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Medical Aerosol Deposition in the Human Lung

Dr. Stefan Rief

Workshop on Microstructure Simulation and


Virtual Material Design

Kaiserslautern, January 26th to 27th, 2006


Overview

I. Introduction

II. Model of the Human Lung

III. Simulation of Respiration and


Hygroscopic Aerosols

IV. Current State and Outlook

Rief
Kaiserslautern, January 26th to 27th, 2006
I. Introduction

“Simulation of Aerosol Dynamics in the Human Lung”


originates from a joint project of

•Medical Background •Modeling and Simulation •Computer Tomography

Rief
Kaiserslautern, January 26th to 27th, 2006
I. Introduction

Aims of the Project


• Prediction of aerosol deposition in the lung
• Optimization of particle sizes -> Reduced amount
of applied medicine
• Knowledge of absorbed dose

New Challenges for ITWM‘s


Filter Simulation Technology
• Virtual model of a human lung
• Simulation of the respiration cycle
• Hygroscopic particle growth
Cask of a lung

Rief
Kaiserslautern, January 26th to 27th, 2006
Overview

I. Motivation

II. Model of the Human Lung

III. Simulation of Respiration and


Hygroscopic Aerosols

IV. Current State and Outlook

Rief
Kaiserslautern, January 26th to 27th, 2006
II. Model of the Human Lung

Model of a human airway tree (Kitaoka


(Kitaoka,
Kitaoka, 1999):

• Outer boundaries of the organ (heart, backbone,


diaphragm, …) are given by a set of algebraic equations

• Lung is based on a dichotomous tube model

• Branches are characterized by

- di – tube diameters

- Θi – branching angles

- r – flow dividing ratio

Rief
Kaiserslautern, January 26th to 27th, 2006
II. Model of the Human Lung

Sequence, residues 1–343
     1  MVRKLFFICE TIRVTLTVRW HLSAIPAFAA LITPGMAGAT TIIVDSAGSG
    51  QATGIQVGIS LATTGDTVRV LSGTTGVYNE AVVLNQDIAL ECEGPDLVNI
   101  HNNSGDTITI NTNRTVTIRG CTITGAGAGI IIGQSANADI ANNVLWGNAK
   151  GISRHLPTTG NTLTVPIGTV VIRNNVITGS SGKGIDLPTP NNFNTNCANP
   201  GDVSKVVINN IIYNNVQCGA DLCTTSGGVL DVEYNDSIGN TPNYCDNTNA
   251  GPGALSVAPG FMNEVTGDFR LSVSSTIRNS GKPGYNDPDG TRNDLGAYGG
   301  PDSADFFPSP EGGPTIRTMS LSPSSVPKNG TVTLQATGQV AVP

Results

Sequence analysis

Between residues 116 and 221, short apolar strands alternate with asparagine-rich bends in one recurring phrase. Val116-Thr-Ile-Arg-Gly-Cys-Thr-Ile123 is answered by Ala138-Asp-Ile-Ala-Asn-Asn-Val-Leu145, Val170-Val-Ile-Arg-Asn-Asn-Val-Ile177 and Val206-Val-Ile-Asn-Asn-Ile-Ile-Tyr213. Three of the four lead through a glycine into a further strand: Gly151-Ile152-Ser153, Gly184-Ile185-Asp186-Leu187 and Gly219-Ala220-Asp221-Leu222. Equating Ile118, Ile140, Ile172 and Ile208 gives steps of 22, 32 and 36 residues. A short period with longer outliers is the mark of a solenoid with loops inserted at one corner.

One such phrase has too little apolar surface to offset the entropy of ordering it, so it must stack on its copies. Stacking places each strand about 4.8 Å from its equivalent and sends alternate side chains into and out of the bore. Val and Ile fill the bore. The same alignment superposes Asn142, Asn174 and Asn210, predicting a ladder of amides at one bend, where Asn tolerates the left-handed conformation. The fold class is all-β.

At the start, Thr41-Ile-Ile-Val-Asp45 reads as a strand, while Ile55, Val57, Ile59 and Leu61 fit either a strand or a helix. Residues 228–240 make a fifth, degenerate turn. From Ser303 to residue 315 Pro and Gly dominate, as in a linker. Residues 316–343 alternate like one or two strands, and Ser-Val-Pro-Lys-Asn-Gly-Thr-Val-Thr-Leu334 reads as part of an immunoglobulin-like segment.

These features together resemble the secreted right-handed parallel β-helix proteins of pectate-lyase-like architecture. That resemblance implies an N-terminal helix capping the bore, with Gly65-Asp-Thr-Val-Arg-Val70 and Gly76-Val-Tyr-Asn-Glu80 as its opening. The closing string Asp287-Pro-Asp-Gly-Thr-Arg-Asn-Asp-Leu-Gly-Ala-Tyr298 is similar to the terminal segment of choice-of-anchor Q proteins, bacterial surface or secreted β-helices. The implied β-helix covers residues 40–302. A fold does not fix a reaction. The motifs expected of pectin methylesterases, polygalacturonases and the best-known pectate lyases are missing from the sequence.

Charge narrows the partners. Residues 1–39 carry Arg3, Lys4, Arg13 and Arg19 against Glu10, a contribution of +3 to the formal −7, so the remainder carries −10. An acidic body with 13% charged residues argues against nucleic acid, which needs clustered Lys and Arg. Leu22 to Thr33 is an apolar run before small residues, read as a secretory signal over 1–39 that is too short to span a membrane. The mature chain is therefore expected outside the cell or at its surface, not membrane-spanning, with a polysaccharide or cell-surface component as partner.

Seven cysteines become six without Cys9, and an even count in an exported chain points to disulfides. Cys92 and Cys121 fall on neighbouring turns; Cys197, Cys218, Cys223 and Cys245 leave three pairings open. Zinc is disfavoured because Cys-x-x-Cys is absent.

Model of a human airway tree (Kitaoka


(Kitaoka,
Kitaoka, 1999):

• 9 rules determine the branching, e.g.

- conservation of flow rates at branches

- tube length = 3 * tube diameter

- branching is planar

- successive branching planes are perpendicular

- flow-dividing ratio = volume-dividing ratio

- minimum flow rate terminates branching

• Morphometric characteristics are in good agreement to literature and lung casks

Rief
Kaiserslautern, January 26th to 27th, 2006
II. Model of the Human Lung

Rief
Kaiserslautern, January 26th to 27th, 2006
II. Model of the Human Lung

~1000 tubes ~7000 tubes

Rief
Kaiserslautern, January 26th to 27th, 2006
Overview

I. Motivation

II. Model of the Human Lung

III. Simulation of Respiration and


Hygroscopic Aerosols

IV. Current State and Outlook

Rief
Kaiserslautern, January 26th to 27th, 2006
III. Simulation of Respiration and Hygroscopic Aerosols

Model of the Respiration Cycle p=0

• instationary, incompressible Navier-Stokes equations

• constant pressure at the inlet (trachea)

• time-periodic pressure variations at the outlets

• no-slip conditions on the tube walls

p(t) = sin(w*t)

Rief
Kaiserslautern, January 26th to 27th, 2006
III. Simulation of Respiration and Hygroscopic Aerosols
Hygroscopic Aerosols
• due to large humidity, aerosol particles grow
significantly during the respiration cycle
• particle growth obeys a nonlinear ODE
parameterized by
- surface tension of water
- saturation rate of air
- temperature
- ‘mobility’ of water in air
- …
• diameter has to be updated in each time step
• additional collision check due to particle
growth

Rief
Kaiserslautern, January 26th to 27th, 2006
Overview

I. Motivation

II. Model of the Human Lung

III. Simulation of Respiration and


Hygroscopic Aerosols

IV. Current State and Outlook

Rief
Kaiserslautern, January 26th to 27th, 2006
IV. Current State and Outlook
Achievements
• Geometric model of a virtual human lung

• Growth of hygroscopic aerosols

• Respiration cycle

Still To Do
• detailed deposition study of aerosol particles of
different size providing

1) suggestion for an optimum aerosol particle size Validation


Existing
2) quantitative statement about absorbed dose Data

Rief
Kaiserslautern, January 26th to 27th, 2006